So, you say you have all of these suggestions down? That’s great, but there are also a few things you should never do.

•          Don’t send an attachment in your e-mail. Most journalists won’t open e-mail with attachments unless they know the person and trust them.

•          Send your pitch in plain text. Journalists will ask you for more details, including a photo, if they’re interested. If they do ask for a photo, please have one ready and don’t provide one that looks like it was taken by a child using a 35mm camera in a dark room without flash. Get the hint? It must be high-resolution and professional quality.

•          Never call a journalist on deadline, and don’t leave a long message. If you know a newscast airs at 6 p.m. and you know the health reporter you pitched is airing a series this week, don’t call them at 5:45. This is why knowing their deadline is so important.

•          One of the worst offenses, however, is calling a journalist immediately after you’ve sent them a pitch asking them if they’ve seen it. This particular “pet peeve” always gets mentioned by journalists. It’s one thing to chase, but if you become a pest and a nuisance, you’re guaranteed to get nowhere … like Tom.

Authored by Evelyn Tipacti, community editor, ProfNet
Network with journalists, bloggers and peers, get the heads up on reporters seeking sources for stories-in-progress and position your organization’s experts for consideration by media and bloggers.  ProfNet is an invaluable resource for the connected media relations department!

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Reaching Tech Influencers: Insight from NY Tech Heavyweights

The Publicity Club of New York held a panel discussion with the top “New York Tech Influencers” and some great advice was offered by the journalist panel. The influencers at the event were Daniel Sieberg, Host, ABC News Now “Tech This Out” and Contributor, ABC World News Now; Dan Frommer, Deputy Editor, Silicon Alley Insider; Adam Ostrow, Editor-in-chief, Mashable; John Abell, New York Bureau Chief, WIRED; Nick Bilton, Lead Technology Writer, The New York Times Bits Blog Reporter, The New York Times.

The room filled with communications professionals listened intently at the suggestions provided by these prominent and well-respected members of the media. The first to speak was Dan Frommer of Silicon Alley Insider, who says he is bombarded with more email than he can handle and spends more and more time deleting it. He stresses less, but stronger communication. He simply gets too much off-topic material that he will never use. Frommer is responsible for up to six stories per day and has to manage his time effectively. So what does he want to see? If you have information that’s not supposed to be written about, he wants it. He also wants introductions to the executives at the companies he covers like Apple, Google and Facebook. He also looks for people who can provide a good video interview, mainly a CEO. He advises PR pros to not contact him via a twitter direct message and also not to call to follow-up on email because it’s annoying due to the hundreds of pitches he gets everyday. He doesn’t answer calls because he’s too busy and although email is becoming more difficult to manage, it’s still the best way to reach him.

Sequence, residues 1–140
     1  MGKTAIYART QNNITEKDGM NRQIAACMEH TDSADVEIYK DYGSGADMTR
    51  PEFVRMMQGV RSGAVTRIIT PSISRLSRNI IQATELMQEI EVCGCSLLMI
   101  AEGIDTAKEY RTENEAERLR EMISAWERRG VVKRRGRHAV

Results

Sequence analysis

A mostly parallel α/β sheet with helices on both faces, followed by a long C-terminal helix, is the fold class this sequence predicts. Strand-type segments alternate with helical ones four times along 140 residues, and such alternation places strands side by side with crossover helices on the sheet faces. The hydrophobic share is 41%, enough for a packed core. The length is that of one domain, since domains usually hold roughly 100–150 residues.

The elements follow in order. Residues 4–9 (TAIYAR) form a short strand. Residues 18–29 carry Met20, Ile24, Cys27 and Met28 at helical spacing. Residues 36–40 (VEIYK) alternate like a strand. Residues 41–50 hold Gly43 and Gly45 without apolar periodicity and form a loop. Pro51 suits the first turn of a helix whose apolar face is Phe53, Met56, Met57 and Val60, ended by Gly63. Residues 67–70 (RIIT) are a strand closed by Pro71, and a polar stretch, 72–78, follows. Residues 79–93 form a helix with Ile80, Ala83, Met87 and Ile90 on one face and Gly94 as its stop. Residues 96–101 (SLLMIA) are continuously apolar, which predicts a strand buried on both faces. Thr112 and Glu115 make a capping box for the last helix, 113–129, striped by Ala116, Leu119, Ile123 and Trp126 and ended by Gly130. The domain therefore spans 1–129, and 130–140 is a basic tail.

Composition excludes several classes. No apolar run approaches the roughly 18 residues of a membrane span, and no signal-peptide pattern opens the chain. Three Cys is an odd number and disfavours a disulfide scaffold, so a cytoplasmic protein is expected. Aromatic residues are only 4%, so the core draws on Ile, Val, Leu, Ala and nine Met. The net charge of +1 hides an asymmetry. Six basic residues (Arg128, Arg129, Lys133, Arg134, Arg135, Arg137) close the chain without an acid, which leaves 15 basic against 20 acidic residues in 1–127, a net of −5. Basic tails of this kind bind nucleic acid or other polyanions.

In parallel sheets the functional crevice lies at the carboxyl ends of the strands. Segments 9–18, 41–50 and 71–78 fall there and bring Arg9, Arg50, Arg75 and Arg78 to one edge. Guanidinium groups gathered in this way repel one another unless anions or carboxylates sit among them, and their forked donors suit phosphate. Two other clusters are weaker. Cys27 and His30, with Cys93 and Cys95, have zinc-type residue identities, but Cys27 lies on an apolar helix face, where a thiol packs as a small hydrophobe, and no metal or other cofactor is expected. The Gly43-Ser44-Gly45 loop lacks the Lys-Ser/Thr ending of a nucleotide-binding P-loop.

Nick Bilton of The New York Times Bits Blog says to please send “Shorter emails. I look at email and hate it. I can’t navigate the intense amount of information.” He suggests that an email be like a tweet, no more than 140 characters. Bilton says he looks at himself as 70% reporter and 30% sales agent because he’s trying to promote the products about which he writes. He believes that an interesting story is more important than an exclusive, although he does understand how exclusives can work for other media outlets.